Firearms/toolmarks examiners are sometimes also asked to testify about bullet damage to structures, including whether a specific caliber of weapon was the cause. Most often, it’s inappropriate for a firearm examiner to give such testimony. The science involved in terminal ballistics (impact mechanics) is immensely complex and highly mathematical, and requires appropriate advanced credentials in fields such as physics, materials science, metallurgy, mechanical engineering and statistics for uncertainty assessment. Asking firearms/toolmarks examiners to understand and explain the material deformation mechanisms of threat/target interactions, and to give an opinion on what caused damage because they’re familiar with firearms and have also seen many bullet impacts, is akin to designating a skilled driver as an “expert” witness on whether vehicle damage was caused by a collision with another vehicle, a pedestrian, a deer, a guard rail, a stop sign, a utility pole, a fire hydrant, a telephone booth, or some other object, and on the scientific bases for that conclusion.
Except in the area of DNA evidence, too many members of the forensic science community are, as the British might say, too clever by half when it comes to providing expert testimony. What is good investigational forensics often results in scientifically unsupportable testimony to jurors and jurists, who are asked to recognize true science from educated conjecture. Thus, for both forensic experts and judicial proceeding participants (judges, prosecutors, defense attorneys and jurors, alike) there are too many unknown unknowns as the system currently functions (again, aside from the domain of DNA science). The system is badly in need of reform and external oversight by the mainstream scientific community.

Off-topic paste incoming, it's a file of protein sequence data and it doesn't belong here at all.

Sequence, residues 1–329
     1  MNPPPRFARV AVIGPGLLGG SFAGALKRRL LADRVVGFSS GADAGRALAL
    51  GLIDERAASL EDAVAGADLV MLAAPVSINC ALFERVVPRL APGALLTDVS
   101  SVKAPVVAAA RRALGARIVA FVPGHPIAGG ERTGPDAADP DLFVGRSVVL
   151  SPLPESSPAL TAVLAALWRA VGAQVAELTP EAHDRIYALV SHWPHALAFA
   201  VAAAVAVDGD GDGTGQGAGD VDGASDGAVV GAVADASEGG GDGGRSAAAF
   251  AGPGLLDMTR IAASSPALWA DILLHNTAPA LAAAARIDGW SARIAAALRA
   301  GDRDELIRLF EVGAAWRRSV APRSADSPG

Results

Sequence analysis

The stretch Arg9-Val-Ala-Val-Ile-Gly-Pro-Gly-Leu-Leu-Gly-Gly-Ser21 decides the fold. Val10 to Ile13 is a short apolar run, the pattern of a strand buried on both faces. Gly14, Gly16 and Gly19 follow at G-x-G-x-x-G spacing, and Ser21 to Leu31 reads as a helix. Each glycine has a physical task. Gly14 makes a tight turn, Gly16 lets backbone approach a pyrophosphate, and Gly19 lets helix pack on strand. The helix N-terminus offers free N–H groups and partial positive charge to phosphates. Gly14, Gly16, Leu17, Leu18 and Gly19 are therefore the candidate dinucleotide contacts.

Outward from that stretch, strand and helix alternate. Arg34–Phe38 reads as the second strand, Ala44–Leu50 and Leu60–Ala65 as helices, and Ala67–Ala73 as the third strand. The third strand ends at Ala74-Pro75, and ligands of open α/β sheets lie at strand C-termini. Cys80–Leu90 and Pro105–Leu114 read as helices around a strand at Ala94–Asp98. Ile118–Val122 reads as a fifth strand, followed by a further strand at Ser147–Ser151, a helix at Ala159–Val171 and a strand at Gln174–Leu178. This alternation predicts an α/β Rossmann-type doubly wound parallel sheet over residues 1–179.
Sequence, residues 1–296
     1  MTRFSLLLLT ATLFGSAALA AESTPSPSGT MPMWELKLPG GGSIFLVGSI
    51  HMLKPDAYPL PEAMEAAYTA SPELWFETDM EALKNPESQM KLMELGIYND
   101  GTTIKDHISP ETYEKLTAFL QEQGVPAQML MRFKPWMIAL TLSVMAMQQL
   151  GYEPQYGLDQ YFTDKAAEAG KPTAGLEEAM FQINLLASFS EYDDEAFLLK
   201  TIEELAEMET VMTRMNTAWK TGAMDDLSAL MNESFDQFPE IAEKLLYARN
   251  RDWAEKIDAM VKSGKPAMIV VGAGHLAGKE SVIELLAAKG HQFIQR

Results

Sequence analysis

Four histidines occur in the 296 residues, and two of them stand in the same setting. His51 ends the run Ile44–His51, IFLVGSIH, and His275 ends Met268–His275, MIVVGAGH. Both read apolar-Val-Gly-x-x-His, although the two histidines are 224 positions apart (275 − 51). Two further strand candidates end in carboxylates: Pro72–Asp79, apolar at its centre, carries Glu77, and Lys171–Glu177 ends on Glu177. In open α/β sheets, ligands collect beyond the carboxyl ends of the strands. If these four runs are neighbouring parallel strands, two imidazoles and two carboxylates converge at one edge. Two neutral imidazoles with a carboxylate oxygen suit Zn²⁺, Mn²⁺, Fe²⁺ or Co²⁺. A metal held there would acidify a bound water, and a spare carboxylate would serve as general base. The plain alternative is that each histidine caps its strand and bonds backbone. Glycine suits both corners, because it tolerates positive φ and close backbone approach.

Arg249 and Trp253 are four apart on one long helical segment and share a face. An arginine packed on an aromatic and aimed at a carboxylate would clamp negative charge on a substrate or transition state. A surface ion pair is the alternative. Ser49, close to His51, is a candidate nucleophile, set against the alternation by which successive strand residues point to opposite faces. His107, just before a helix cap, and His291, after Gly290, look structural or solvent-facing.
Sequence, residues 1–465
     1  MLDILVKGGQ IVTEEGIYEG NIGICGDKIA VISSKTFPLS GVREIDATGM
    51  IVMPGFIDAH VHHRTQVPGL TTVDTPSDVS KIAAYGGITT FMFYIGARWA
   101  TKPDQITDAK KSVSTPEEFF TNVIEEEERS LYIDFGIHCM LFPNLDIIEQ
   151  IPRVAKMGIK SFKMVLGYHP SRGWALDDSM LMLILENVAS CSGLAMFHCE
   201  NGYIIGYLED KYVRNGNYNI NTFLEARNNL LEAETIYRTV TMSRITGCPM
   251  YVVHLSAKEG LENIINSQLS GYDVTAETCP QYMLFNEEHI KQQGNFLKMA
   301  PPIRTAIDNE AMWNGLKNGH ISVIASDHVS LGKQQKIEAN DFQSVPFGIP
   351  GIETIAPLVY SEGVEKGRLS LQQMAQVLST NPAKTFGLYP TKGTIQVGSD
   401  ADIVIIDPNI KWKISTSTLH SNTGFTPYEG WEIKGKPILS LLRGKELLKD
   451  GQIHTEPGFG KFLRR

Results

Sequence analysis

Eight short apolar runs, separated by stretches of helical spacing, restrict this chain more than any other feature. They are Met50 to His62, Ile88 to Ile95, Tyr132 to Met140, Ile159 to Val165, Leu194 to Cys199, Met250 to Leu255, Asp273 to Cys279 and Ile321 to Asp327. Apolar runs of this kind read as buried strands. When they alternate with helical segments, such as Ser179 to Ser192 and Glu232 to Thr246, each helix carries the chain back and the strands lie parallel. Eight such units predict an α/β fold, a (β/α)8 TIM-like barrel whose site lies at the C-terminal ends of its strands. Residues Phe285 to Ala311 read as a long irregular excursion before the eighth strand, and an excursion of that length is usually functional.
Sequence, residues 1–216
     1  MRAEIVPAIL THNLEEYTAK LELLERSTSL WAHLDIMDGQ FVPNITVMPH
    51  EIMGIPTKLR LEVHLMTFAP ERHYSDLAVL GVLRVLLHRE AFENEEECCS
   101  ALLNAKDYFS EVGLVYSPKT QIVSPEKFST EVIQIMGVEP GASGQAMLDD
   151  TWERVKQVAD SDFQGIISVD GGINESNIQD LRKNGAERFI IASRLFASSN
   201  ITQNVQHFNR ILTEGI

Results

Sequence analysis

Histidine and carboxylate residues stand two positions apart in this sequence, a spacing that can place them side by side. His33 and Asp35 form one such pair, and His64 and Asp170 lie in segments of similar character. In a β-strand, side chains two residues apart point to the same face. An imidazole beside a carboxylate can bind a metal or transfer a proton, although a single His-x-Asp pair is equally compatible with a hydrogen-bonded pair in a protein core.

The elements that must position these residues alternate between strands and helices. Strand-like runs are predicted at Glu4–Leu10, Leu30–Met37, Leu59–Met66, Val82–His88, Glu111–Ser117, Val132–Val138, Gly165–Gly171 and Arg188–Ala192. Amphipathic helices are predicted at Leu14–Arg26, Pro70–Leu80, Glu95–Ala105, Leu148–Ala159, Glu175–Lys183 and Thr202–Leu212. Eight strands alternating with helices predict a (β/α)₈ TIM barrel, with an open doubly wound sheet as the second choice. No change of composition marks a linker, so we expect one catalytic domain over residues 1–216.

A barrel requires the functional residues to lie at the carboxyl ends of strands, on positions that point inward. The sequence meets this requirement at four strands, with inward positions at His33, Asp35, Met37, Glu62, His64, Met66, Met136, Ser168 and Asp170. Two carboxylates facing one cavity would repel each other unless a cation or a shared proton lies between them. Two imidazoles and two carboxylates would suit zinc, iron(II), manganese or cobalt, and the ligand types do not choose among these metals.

William A. Tobin is a scientist who spent 27 years as an FBI agent, the last 24 in the FBI Laboratory, and since then has worked on legal cases for both defense attorneys and prosecutors as a forensic metallurgist/materials scientist. He was the principal critic of the forensic practice of comparative bullet lead analysis (CBLA), which has since been discontinued by the forensic community, and has published numerous forensic papers.
Distinguished Professor Cliff Spiegelman, a member of the Texas A&M University faculty since 1987, was a panelist for the National Research Council of the National Academy of Sciences’ committee convened to investigate the challenge to CBLA. He is a leader in the field of statistical forensics and best-known for his joint forensic work related to the President John F. Kennedy assassination bullets, which earned an award from the American Statistical Association (ASA). Spiegelman is an elected fellow of the ASA and the Institute of Mathematical Statistics.
To find a previous article by these authors on the science of forensic evidence, go to this story at statesman.com/insight.